Details: (M), 111 mins, In Cinemas 28 July 2011, United States, English
Synopsis: Raised by her ex-CIA father in the wilds of Finland, Hanna (Saoirse Ronan) is brought up to be an assassin. When sent on a mission, she is pursued across Europe by a secret agents. As she nears her target, Hanna is exposed to a different world and forced to confront her own humanity.
Girl power goes gaga.
SYDNEY FILM FESTIVAL: Clare Stewart elected to open her last festival as director with Hanna, a crazed and crazy theme-park ride action movie from Atonement filmmaker Joe Wright that references everything from Leon to the Bourne pics to Grimm’s fairytales. It’s full of action, and quite a few dead spots, and at first it seems to make little sense. Since it appears to be made under the sign of Luc Besson, with its mix of baroque stylings, heaving sentiment and savagery (and a body count that would make John Woo think twice), to complain about a lack of narrative and thematic lucidity is pointless. Here’s a Euro spy pursuit movie where the filmmakers have censored all plausibility. It’s a movie myth construct, seemingly deliberately unsubtle and even silly. That’s part of its fun. Still, from the, apparently, uncomfortable chortles rippling out of the first night audience, quite a few punters didn’t appreciate its wit or its sensibility. But then Besson is arguably an acquired taste.
And to be sure, Hanna’s filmmaking is a weird mix of Bond bombast, art movie atmospherics and girl-power thematics. On a superficial level, it seems incongruous. Still, if you can accept the film’s premise, the style does ultimately make a kind of sense. After all this is a film about an innocent child trapped in a kind of madhouse (a madhouse a la Alice Through the Looking-Glass which has only a passing resemblance to the real world).
The plot is a riff on the rogue CIA killing machine scenario. Here, it’s a teenage girl, Hanna. As played by Saoirse Ronan, she’s not only adept at snapping necks and plunging the knife but so guileless at times you feel like reaching into the screen to give her a hug. Raised in the frozen wastes of Finland by her father Erik (Eric Bana), an ex CIA op, Hanna, we learn, has been isolated from civilisation and knows nothing much of everyday domestic technology. (She finds fluro lighting transfixing but in a move typical of this movie’s cavalier approach to cause and effect logic she adapts to a PC web search with complete ease.)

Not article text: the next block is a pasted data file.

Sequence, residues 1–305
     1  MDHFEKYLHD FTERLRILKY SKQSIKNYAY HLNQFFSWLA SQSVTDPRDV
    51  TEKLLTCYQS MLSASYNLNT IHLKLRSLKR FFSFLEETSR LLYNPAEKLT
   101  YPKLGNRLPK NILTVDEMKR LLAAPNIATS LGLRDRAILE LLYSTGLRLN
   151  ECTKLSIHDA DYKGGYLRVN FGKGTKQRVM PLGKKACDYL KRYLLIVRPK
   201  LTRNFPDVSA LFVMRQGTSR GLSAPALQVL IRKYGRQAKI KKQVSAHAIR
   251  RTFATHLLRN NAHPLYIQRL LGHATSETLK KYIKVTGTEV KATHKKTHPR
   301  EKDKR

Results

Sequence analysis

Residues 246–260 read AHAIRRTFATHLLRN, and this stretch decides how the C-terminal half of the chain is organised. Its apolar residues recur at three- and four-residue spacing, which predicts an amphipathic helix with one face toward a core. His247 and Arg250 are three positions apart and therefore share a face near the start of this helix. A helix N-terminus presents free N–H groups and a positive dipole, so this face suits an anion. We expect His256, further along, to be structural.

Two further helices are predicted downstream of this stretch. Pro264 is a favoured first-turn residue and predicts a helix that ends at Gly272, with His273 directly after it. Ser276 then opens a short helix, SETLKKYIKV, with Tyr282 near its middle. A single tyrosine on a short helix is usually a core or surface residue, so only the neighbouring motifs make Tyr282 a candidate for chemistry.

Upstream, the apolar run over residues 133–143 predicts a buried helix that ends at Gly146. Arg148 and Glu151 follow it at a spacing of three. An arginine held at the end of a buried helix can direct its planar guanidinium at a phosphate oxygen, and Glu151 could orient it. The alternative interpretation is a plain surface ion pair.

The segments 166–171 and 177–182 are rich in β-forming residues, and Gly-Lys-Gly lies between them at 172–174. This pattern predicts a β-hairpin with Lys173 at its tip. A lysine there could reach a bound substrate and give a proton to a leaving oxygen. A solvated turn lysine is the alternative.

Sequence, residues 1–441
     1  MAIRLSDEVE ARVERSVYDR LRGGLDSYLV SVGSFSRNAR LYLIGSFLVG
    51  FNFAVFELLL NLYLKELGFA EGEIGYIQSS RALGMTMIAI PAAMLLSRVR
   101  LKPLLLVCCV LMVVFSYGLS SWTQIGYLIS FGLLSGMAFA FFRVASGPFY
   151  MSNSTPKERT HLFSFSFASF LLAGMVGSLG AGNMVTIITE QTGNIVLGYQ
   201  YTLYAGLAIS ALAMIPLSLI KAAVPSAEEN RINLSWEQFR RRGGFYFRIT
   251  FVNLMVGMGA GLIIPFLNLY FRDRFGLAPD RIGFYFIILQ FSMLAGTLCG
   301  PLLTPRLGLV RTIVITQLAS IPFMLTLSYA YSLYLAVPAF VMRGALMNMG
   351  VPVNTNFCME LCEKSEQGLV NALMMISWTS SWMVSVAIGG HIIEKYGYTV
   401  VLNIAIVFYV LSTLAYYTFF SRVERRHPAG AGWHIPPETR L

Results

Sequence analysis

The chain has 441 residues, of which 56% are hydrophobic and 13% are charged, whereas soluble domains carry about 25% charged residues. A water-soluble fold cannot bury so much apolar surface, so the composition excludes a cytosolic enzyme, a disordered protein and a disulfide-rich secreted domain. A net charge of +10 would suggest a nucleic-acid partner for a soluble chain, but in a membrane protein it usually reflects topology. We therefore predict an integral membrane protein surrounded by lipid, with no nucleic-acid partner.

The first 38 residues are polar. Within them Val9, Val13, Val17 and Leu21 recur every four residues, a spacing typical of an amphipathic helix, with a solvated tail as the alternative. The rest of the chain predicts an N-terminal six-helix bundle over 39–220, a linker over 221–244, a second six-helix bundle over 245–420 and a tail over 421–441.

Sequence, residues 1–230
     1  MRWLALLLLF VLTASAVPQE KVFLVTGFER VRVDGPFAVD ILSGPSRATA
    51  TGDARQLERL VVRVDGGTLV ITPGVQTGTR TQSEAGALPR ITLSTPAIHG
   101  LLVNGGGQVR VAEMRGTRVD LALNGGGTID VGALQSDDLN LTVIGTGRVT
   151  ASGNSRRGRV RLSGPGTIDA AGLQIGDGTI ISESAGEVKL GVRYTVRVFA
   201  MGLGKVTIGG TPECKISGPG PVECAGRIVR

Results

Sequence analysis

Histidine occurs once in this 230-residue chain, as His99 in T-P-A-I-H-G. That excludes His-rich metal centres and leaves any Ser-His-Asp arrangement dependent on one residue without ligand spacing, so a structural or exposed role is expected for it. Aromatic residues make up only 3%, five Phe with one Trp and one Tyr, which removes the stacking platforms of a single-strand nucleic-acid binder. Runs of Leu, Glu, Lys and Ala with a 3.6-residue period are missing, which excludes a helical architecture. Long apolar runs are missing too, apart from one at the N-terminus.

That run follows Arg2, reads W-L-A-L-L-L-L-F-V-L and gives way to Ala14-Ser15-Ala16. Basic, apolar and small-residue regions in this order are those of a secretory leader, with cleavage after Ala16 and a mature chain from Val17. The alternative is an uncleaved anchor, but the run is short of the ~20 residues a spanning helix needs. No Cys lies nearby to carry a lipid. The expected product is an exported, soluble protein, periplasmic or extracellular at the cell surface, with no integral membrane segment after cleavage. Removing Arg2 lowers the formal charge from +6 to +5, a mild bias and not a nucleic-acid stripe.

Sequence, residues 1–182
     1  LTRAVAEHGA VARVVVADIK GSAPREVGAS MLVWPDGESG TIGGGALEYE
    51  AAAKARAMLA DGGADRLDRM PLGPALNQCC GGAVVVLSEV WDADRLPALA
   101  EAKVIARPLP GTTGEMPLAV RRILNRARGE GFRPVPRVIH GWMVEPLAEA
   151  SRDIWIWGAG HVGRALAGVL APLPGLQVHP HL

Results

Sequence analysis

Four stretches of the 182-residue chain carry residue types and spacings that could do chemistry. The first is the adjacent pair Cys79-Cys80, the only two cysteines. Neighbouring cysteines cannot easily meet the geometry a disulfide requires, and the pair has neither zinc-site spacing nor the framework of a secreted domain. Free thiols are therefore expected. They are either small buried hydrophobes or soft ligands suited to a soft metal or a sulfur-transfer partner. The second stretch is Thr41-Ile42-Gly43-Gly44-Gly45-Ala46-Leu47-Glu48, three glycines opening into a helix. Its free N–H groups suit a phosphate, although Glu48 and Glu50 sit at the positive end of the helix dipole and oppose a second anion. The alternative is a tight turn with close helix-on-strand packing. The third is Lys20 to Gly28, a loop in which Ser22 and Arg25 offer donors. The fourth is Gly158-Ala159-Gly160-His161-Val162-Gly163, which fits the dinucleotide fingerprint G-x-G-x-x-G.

Hanna is being trained for a mission that we soon find out has a lot to do with Marissa, another CIA bogey played by Cate Blanchett as if she were channelling a Tennessee Williams girl-drag with Witchiepoo from H.R. Pufnstuf. If that sounds snide, consider: screenwriters Seth Lochhead and David Farr have given Marissa not only a shoe fetish but also a dental hygiene kink. Marissa likes to brush her till they bleed. Precisely what that means I’m not sure, but it’s creepy to watch, and I suspect that’s the point. Blanchett’s performance appears over the top, but she’s a smart and brilliant actor, and that choice actually pays off. Marissa needs to be ‘big’ just to compete with the CIA sets (conference rooms, underground bunker complex). They’re so bizarre, and oversized it’s as if Wright and his team are not only paying tribute to a century of spy movies fantasies but also Pink Floyd The Wall. Anyway, Marissa becomes the ‘wicked stepmother’, which makes Hanna, the little girl who has ‘strayed’. But in an irony the film clearly relishes, it’s soon apparent that it’s Marissa who’s strayed.
Meanwhile, Hanna hitches her way from Morocco (don’t ask) to Germany with an English hippie family and she befriends a girl her own age in the process, Sophie (Jessica Barden), which gives the film the chance to play with some ‘fish out of water’ gags. For instance, Sophie and Hanna double date. When Hanna’s fella tries to kiss her she nails him good and nearly breaks his back in the process.
Hanna is full of incidental pleasures; Alwin Kuchler’s cinematography has a hard sheen and the Chemical Brothers score pounds in the all the right places and the action is staged with a satisfying grunt and a feel for violence that’s disturbing (and actually pays off for Hanna’s character).
It’s possible to make too much of the fairytale references Hanna plays with. For the most part, they are sly ‘quotes’, suggestive teases, and totally superficial. Much more successful is the way Hanna becomes a film fairytale of its own, where understanding its literary roots are an irrelevancy. Hanna’s charm lies in its mood, a feeling that ‘anything can happen’. It’s got its own twisted logic in dealing with big feelings and big questions: good and bad, right and wrong, trust, and mother-love. It’s the kind of film where its charm lies in the feeling that it’s seemingly ill-fitting parts only fall into place long after it’s over.
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